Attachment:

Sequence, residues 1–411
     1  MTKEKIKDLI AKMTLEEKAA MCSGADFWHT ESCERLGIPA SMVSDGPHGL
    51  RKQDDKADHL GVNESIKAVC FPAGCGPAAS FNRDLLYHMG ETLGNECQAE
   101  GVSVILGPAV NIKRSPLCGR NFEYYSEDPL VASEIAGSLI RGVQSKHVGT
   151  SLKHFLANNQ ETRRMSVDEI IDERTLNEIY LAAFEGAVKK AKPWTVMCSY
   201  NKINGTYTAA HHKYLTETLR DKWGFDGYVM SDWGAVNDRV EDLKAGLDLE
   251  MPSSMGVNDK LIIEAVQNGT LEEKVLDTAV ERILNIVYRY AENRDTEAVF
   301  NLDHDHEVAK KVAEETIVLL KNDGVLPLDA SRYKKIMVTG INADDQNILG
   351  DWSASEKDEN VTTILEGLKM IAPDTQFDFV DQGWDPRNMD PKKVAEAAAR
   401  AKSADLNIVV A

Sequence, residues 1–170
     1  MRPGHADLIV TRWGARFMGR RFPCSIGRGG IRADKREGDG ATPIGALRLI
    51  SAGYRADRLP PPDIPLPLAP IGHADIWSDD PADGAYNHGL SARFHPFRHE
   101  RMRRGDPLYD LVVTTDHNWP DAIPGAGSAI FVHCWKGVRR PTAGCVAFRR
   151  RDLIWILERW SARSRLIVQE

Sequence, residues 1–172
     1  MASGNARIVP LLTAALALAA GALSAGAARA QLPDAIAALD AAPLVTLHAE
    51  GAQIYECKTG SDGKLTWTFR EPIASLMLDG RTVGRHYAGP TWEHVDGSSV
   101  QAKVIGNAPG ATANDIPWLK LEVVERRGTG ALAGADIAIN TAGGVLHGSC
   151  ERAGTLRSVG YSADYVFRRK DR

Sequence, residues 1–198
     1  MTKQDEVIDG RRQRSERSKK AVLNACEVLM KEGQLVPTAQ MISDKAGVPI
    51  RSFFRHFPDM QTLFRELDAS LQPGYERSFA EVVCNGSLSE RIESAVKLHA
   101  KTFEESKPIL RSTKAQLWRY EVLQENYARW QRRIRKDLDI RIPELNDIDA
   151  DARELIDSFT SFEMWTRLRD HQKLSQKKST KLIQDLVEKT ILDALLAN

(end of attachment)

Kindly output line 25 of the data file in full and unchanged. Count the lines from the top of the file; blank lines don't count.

   151  DARELIDSFT SFEMWTRLRD HQKLSQKKST KLIQDLVEKT ILDALLAN